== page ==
Recovering from Transplant
If you received high-dose chemotherapy, the medication will cause all of your blood counts – white blood cell, red blood cell and platelet – to drop to very low levels.
A low white blood cell count puts you at greater risk for infections. You will receive prophylactic medications to prevent infections. It is essential that you practice good hygiene habits. The most effective measure is to wash your hands frequently, especially after using the bathroom and before you eat. You should also shower daily.
Your low red blood cell count will cause you to be very fatigued and possibly short of breath during activity. This is because you have fewer red blood cells to carry oxygen to the organs in your body. We will give you a transfusion of red blood cells if your count drops to a certain level. Keep in mind that this profound fatigue is common among transplant patients. Establishing reasonable expectations can help you deal with it more effectively. We will encourage you to stay out of bed and active as much as possible to prevent other complications.
Your platelet count will also be very low during this time period, putting you at risk for bleeding. You will need to avoid activities that can cause bleeding such as strenuous exercise, shaving (except with an electric razor), blowing your nose hard, or flossing your teeth. If your platelet count goes below a specified threshold, you will receive transfusions of platelets to minimize your risk for bleeding.
Other common complications and side effects from high-dose chemotherapy are gastrointestinal issues, including mouth sores, taste changes, nausea, vomiting, lack of appetite and diarrhea. We will give you medication for these symptoms as they occur. During the time your blood counts are low you will need to follow a certain diet to minimize the risk of bacterial contamination. Your transplant nurse will help you with nutritional recommendations during this time.
Engraftment and recovery
About 10 to 20 days following your transplant, we can begin to see signs that your stem cells are growing (engrafting) and beginning to produce blood cells. During this time, you may notice aching in your bones, especially your pelvis, lower back and thighs.
As your blood counts begin to rise, your white blood cells will start to fight and prevent infections. Fevers you had while your white blood count was low may get better now. You may no longer need to take antibiotics, and you should not need as many (or any) blood or platelet transfusions. You will notice that your other side effects will also start to get better.
If you have had an allogeneic stem cell transplant, you will stay on some of your antimicrobial medications even after discharge. You will also be monitored closely for graft vs. host disease which only occurs in patients who receive stem cells from a donor. This is a potentially serious complication. Your donor cells (the graft) see your cells (the host) as foreign and mount an attack against you, just as your immune system would normally attack an infection. You will be given medications to prevent or minimize this response and closely monitored. You will also have some additional long term restrictions that your transplant nurse coordinator will review with you. Once you are stable, you will be transferred back to your primary oncologist for long term monitoring. This occurs in about 30 days after an autologous transplant. Allogeneic transplant patients have a longer recovery period and will be followed indefinitely by the transplant team.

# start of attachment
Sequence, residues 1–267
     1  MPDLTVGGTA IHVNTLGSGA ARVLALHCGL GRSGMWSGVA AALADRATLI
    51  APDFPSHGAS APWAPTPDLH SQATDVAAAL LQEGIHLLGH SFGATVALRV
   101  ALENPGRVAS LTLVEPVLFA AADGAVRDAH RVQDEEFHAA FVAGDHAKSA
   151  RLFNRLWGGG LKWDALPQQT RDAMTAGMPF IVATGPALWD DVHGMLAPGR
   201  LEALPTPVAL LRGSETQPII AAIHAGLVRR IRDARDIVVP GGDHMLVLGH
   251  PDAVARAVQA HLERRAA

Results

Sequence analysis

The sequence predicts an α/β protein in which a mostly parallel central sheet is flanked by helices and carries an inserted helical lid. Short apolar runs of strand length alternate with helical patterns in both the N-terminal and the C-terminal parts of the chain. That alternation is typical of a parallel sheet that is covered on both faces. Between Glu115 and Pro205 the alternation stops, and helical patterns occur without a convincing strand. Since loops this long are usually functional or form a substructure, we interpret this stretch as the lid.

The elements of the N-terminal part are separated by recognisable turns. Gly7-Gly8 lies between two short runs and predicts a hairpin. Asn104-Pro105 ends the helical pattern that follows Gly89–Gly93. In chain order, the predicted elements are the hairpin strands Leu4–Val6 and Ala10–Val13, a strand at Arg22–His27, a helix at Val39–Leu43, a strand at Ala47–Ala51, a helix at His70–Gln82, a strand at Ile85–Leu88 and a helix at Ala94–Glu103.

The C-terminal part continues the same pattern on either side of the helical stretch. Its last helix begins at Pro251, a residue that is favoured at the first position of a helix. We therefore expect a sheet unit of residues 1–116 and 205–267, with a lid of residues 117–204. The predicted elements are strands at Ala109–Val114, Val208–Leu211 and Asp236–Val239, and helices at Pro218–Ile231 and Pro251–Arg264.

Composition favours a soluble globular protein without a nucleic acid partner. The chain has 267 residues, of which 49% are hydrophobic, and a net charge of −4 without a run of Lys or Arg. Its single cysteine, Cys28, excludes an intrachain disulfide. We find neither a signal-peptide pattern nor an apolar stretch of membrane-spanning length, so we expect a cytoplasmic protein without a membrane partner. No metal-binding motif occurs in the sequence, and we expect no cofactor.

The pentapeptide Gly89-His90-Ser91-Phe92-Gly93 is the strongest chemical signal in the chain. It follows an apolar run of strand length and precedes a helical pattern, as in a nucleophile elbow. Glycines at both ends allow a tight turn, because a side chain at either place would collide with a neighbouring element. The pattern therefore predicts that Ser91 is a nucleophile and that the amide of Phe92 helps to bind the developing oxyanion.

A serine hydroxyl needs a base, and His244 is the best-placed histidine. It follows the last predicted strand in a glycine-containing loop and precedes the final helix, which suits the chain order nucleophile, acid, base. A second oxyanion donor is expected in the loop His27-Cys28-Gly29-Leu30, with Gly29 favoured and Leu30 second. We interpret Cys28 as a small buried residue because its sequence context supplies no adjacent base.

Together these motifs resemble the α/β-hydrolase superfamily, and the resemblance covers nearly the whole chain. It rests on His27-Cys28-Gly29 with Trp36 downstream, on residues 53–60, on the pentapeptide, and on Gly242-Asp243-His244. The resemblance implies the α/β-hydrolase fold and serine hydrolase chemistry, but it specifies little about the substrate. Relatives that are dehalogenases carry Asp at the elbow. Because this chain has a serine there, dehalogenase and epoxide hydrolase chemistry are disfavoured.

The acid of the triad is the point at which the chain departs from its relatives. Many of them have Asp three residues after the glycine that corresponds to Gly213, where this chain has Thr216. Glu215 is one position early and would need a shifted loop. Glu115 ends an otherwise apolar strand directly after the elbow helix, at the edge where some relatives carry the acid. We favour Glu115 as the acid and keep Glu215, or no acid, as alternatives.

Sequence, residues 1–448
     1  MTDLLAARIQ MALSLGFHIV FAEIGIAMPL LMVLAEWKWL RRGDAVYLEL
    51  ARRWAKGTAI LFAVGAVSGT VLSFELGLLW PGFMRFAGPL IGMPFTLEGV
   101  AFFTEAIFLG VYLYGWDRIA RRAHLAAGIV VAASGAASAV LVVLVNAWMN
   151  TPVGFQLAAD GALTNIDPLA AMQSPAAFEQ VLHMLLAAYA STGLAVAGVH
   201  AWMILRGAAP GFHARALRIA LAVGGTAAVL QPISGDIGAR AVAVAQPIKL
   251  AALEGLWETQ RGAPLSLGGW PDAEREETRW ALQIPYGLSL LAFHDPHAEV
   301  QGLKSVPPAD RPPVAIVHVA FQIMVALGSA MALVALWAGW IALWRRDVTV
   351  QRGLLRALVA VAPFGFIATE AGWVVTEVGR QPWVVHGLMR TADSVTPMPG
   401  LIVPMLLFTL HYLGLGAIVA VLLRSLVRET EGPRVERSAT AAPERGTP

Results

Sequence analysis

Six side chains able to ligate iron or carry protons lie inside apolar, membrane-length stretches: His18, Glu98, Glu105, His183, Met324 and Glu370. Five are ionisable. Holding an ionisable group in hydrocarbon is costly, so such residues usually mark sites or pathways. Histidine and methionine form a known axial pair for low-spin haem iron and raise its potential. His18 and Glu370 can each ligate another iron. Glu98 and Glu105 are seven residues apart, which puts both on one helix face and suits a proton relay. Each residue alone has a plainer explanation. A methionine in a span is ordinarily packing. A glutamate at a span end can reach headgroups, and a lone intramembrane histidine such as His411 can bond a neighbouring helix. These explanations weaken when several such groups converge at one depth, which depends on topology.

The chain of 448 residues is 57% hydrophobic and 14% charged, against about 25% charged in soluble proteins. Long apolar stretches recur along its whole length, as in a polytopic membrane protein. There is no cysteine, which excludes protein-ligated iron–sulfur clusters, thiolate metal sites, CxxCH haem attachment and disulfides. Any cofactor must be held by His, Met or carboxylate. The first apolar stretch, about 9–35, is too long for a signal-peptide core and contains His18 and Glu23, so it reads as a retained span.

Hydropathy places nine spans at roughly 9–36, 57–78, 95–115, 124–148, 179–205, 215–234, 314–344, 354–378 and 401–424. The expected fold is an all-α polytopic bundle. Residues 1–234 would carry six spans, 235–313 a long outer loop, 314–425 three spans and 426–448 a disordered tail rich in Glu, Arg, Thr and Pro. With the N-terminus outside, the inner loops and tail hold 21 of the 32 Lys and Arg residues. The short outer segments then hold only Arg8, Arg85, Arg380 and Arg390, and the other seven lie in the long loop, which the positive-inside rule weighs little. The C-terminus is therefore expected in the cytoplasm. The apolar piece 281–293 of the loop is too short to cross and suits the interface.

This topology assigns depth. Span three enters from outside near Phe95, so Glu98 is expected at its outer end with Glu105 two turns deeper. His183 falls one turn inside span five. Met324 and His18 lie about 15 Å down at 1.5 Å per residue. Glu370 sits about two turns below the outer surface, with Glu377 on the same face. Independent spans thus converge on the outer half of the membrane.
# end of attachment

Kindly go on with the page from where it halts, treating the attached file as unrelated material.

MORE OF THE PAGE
Your primary oncologist or transplant physician will let you know about follow-up tests to measure the effects of the chemotherapy and the results of the transplant, such as blood tests, X-rays, scans or bone marrow biopsies. You will continue to have regular check-ups by primary oncologist and the transplant team to monitor your disease and check for any long-term side effects.
Progress during this time may seem slow. Keep in mind that long-term recovery may take a few months for an autologous transplant. Recovery for an allogeneic transplant can take a year or longer. Although you may feel frustrated at the seemingly slow rate of recovery, we encourage you to stay engaged in your life and seek out others who can share their experiences with you.
Patients tell us they coped by taking one day at a time and setting simple, realistic goals for themselves. Community support groups such as those sponsored by Life with Cancer can be helpful. Other recipients of stem cell transplants are also a good source of support. Ask your transplant nurse coordinator or transplant physician for the names of transplant patients who are willing to speak to you.
Re-establishing your life after transplant varies from patient to patients. However, the great majority of patients report that the quality of their lives is now the same or better than before the transplant.